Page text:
Middlesbrough: Tony Mowbray exit leaves void on Teesside

By Joe TownsendBBC North East & Cumbria Sport
Tony Mowbray (right)

The day had come, the legend had returned home to lead his people to the promised land, or so the story goes.

It was October 2010 and Gordon Strachan had cleared his desk after a difficult 12 months in which Middlesbrough had failed to push towards the top half of the Championship table.

Six years after Tony Mowbray's first move into management, the stars had aligned to pave the way for the former Boro captain's return to Teesside.

Strachan's short reign at the Riverside was characterised by a recruitment policy that saw 10 players arrive from Scottish clubs, particularly from the Old Firm.

Alongside the additions of Kris Boyd and Kevin Thomson from Rangers, Strachan signed five former players he had managed during a four-year spell as Celtic boss.

And with Mowbray having succeeded Strachan at Parkhead, it made him an even more suitable choice to do so again.

The Saltburn-born boss had also achieved success in the Championship at West Brom, where he secured a third-place finish in his first season before winning the league title in his second.

He was the fans' choice, the board's choice and with his proven Championship pedigree, the smart choice to take over at the Riverside.

As a player, Mowbray was a Boro legend. As a 23-year-old he was named captain during the club's most traumatic period.

In the summer of 1986, Middlesbrough were locked out of their Ayresome Park home and on the verge of liquidation before a consortium led by local businessman Steve Gibson stepped in.

'Mogga' and manager Bruce Rioch then guided the club to the top flight via consecutive promotions with the inspirational skipper an ever-present in both seasons, prompting Rioch to declare, "If you were on a rocket ship going to the moon, the man you would want sitting next to you would be Tony Mowbray". It is a statement he still stands by.

"Tony is a fantastic man of great character and strength," Rioch told BBC Tees. "No-one will be happy to see him leave.

"When he was appointed it was a dream move for all parties and you just hope that it works because everyone wanted it so much.

"Maybe that made the pressure too great but I'm just extremely sad that it has ended the way it has because he and Steve Gibson have been fantastic for this football club."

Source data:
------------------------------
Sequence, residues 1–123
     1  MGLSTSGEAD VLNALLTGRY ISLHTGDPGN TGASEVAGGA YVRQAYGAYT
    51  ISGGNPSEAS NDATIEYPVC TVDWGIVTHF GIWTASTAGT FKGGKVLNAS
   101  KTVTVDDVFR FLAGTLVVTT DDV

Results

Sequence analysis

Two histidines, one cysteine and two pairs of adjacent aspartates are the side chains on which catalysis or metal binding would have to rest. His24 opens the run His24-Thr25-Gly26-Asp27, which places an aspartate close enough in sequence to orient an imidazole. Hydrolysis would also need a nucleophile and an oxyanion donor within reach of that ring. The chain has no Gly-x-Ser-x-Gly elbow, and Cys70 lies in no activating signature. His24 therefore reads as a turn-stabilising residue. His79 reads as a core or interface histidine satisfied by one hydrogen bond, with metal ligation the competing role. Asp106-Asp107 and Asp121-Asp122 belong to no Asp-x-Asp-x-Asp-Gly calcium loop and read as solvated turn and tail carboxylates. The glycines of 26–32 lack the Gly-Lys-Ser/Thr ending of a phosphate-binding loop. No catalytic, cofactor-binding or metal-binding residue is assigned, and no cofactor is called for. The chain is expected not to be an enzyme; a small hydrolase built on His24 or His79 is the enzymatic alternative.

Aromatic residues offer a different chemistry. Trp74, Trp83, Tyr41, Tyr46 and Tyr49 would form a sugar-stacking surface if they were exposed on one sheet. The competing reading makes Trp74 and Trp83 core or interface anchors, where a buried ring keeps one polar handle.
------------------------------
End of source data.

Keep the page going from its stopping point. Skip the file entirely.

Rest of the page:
Mowbray took charge in 2010 with Middlesbrough occupying the Championship's final relegation berth and was unveiled to a fanfare before a home game with Bristol City.

On the half-hour mark, Boyd fired Boro in front and the Roy of the Rovers-style football fairytale was following the script, but how that match unravelled would act as an accurate indicator for the former centre-back's reign as a promising start tailed off into a 2-1 defeat.

He successfully guided the club to mid-table and ensured some close-season optimism with four consecutive wins to secure a 12th-place finish.

Boro took that form into the following campaign as five wins and two draws saw them top the Championship in late September. When 2012 arrived, they were in second place and just two points off the top.

Even after a six-game winless run the promotion challenge was revived by four wins in five and

But this time an eight-match barren spell left precious little time for a revival and the promotion express was derailed for another year.

Mowbray's third season at the helm was similar to the second. Boro were third at turn of the year before an even greater collapse had them scratching around for points to ensure their Championship status as they finished 16th, only five points above the drop-zone.

However, and despite mounting criticism, he was backed by chairman Gibson to bring in six new faces, most notably the experienced Dean Whitehead from Stoke and the £1m capture of Ghana winger Albert Adomah.

Gibson, known for giving his managers time, finally ran out of patience as five wins in 33 league matches spelled the end.

In all, Mowbray was in charge for 153 matches, winning 61, drawing 37 and losing 55.

"Tony has a fantastic affinity with his hometown club and after the way he stood firm through the difficulties in 1986, I just hope the fans will accept he gave it his best shot and still hold him in deep affection for what he did for Boro all those years ago," added Rioch.

Despite Rioch's faith, after Mowbray's spell as boss, the moon remains frustratingly out of reach.